Indie Game Spotlight: p0nd

Indie Game Spotlight is a weekly feature where I highlight an independent game that deserves some attention. Given the difficulty these developers have in being heard, every little bit helps. Some will be free, some will cost money, but all are deserving of some attention.

P0nd is a one-button, flash game by PeanutGallery that came out around a year and ahlf ago, I believe. It’s not a long game and won’t take 5 minutes to finish. Go give it a try.

The style of p0nd is what I can only manage to call pixilated impressionism. We press the button only to make our character inhale and exhale once he consumed all of the colored orbs that appear around him. The more you succeed on each screen to more wild life beings to appear. Birds fly off in the background, a rabbit pops out of the grass and squirrels run up and down tree trunks. You are encouraged to breath in real life along with this slow pace and your avatar goes on his walk.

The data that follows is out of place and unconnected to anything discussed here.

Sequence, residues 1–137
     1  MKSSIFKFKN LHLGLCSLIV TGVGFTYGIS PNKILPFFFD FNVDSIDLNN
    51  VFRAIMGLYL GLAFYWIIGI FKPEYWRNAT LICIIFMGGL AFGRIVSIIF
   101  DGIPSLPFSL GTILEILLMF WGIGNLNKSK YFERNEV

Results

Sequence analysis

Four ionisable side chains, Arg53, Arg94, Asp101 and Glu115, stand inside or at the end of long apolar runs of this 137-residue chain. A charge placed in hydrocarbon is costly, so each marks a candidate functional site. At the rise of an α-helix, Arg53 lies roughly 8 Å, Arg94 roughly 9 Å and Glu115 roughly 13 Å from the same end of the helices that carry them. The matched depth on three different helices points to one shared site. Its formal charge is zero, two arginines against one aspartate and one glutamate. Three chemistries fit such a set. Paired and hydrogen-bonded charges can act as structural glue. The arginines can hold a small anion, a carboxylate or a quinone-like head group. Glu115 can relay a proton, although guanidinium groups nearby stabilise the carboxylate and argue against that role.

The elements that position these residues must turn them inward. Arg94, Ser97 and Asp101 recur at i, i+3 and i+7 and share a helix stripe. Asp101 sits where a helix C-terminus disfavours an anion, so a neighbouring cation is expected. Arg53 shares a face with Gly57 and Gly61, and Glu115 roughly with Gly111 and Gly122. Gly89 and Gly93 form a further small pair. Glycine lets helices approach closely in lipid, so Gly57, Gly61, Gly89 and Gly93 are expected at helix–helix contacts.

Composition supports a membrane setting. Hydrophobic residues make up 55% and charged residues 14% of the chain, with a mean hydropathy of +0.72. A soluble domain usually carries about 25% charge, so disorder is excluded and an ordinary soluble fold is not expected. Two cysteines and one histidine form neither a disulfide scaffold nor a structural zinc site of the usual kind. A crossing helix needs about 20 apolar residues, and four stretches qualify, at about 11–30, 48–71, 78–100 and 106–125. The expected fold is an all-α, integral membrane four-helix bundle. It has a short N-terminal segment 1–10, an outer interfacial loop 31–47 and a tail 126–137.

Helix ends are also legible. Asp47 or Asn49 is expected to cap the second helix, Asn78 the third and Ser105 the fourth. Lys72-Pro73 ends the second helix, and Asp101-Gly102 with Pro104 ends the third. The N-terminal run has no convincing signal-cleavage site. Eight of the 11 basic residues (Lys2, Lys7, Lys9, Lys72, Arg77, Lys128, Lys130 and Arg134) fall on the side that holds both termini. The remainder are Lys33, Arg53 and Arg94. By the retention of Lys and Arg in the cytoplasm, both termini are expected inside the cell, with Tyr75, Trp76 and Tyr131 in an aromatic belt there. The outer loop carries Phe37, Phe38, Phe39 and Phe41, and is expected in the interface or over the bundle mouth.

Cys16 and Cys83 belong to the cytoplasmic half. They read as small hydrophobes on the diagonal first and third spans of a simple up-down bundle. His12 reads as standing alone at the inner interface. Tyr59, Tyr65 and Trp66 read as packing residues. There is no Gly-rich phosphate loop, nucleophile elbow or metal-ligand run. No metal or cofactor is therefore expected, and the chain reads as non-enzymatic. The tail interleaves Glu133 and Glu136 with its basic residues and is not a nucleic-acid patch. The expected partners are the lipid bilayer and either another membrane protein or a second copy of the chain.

The art style is what I could only describe as pixilated impressionism. It is what I call it. Impressionism landscapes using computer pixels instead of paint droplets. The music is a gentle piano tune meant for ambiance more than melody and the sound effects of the breathing in and out of the avatar is a bit over the top for relaxing breathing, but it works.

This is not a great game, but it is an interesting game that relies as much on synthesis of discordant ideas and much as anything else. I wont say more, but there is a twist near the end. It’s not long, a handful of minutes at most and it doesn’t outlast it’s welcome to show off it’s ideas.

If you find yourself confused, read further thoughts here. (Spoiler abound.)

Published by

Eric Swain

A graduate of Boston University, majoring in English and Creative Writing and has spent significant time studying story structure and theory in the mediums of books, film and video games. His articles offer unique perspective on deep game development and design through his eclectic prose. you can find his critical analysis on www.thegamecritique.com.

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